Why is the layout called “Finnegan”? That engaging story is told in the original article about this layout, which appeared in our “Micro Layout Design Gallery,” archived on this site.
2. LET’S GET THIS STRAIGHT!
The simplest possible layout is probably a short piece of dead straight track. Believe it or not, this plan for a micro layout can provide a considerable amount of completely prototypical railroad operation! There are lots of examples in the “Micro Layout Design Gallery,” but here are a couple classic designs to give you the idea.
At the right is my design for El Dorito Mine, a narrow gauge mining road that fits into 12x2in (30x5cm) in Gn15 or O narrow gauge. In N or HO narrow gauge it will fit on a six-inch (15cm) ruler.
It’s a spoils dump… the little gondola starts out in the head house, where the waste soil and rock is hoisted to the surface and dumped into the car. Then it proceeds out to the end of the track, dumps its load into the spoils pile, and returns for another load. In real life, this small railway is usually “human powered,” but it was not unheard of for a small locomotive “critter” to be assigned to this duty. If you can motorize a miner, more power to you! But most of us will use a quaint and miniscule critter. Don’t forget to motorize the hoist wheel, put a flashing light inside the shed and sound a loud klaxon to announce each load’s arrival at the top.
Another prototype that consists of a length of straight track is the pier railway, exemplified here (above) by Dave Carson’s Walmington Pier Tramway. This little railway features push-pull operation of a typical English seaside resort and pier in the Edwardian era, early in the Twentieth Century. This layout has been featured before in these pages, but above are two new photos showing recent updates including a new tram car body. Dave lives in Chelmsford, England, and recently retired from London Transport/Metronet to set up his own railway management consultancy.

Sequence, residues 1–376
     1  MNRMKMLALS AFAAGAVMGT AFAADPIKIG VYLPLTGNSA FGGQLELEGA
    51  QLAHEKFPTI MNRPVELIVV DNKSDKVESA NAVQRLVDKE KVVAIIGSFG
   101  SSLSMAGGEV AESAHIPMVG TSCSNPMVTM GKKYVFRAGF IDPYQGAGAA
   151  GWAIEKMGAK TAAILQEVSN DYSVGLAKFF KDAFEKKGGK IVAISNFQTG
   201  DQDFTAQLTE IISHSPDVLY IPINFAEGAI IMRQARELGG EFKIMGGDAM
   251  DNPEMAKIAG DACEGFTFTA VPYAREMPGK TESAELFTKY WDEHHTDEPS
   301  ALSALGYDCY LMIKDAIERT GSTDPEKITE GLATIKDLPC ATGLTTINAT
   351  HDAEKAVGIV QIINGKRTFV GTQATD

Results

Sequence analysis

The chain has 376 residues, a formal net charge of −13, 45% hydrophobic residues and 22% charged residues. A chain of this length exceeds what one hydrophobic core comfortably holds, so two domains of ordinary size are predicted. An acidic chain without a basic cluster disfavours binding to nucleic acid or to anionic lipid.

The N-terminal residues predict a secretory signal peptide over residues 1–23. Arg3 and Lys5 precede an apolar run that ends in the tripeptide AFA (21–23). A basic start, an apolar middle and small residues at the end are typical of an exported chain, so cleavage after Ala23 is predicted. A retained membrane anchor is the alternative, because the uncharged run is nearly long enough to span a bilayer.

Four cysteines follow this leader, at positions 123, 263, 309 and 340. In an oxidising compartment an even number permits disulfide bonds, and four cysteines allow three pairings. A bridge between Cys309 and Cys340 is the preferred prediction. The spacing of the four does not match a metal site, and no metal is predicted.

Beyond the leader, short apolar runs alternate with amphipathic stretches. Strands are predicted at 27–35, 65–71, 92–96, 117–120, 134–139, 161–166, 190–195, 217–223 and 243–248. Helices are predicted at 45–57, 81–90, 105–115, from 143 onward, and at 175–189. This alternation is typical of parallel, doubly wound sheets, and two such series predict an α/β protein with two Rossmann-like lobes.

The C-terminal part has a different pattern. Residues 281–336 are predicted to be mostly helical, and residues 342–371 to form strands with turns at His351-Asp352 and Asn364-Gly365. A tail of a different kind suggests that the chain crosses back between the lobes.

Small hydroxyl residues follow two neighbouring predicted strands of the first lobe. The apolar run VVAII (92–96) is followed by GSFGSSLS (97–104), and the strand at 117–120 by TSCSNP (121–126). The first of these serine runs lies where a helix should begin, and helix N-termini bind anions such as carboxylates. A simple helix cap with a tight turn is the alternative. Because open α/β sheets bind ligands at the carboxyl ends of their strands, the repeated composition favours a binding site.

I’d like to hear from anyone who knows of more “straight line” railway prototypes. For starters, one of the most delicious ones I know is the 30-foot-long peat railway at the Laphroaig Distillery, in Scotland!
3. ARE THREE STRAIGHT LINES 3x AS MUCH FUN?
Adding more of a good thing seems like a fine idea, and Jack Trollope, from the Highlands of Scotland, added some more straight tracks to form Shortover Yard. It’s designed as a transfer yard in a generic American city, transferring cars between several railroads — though with a change of rolling stock it could be anywhere in the world. A single-track transfer table (traverser) connects the three spurs in the yard. There are no track switches.
Tripling the tracks more than trebles the complexity of switching puzzles available. Challenging operations can be programmed by randomly selecting cars to be moved and their destinations, perhaps by drawing tokens or cards from a hat or using a computerized selection program. It’s not unusual for one set of movements to take 45 minutes to an hour to complete — on an HO layout that measures 33x6in (84x15cm)! Because all trackage is straight and there are no turnouts, this is an ideal beginner’s layout, but it holds some pleasures for old timers as well. The only modeling difficulty might come in making the transfer table/traverser. Our Traverser FAQ has some good ideas to make this job easier.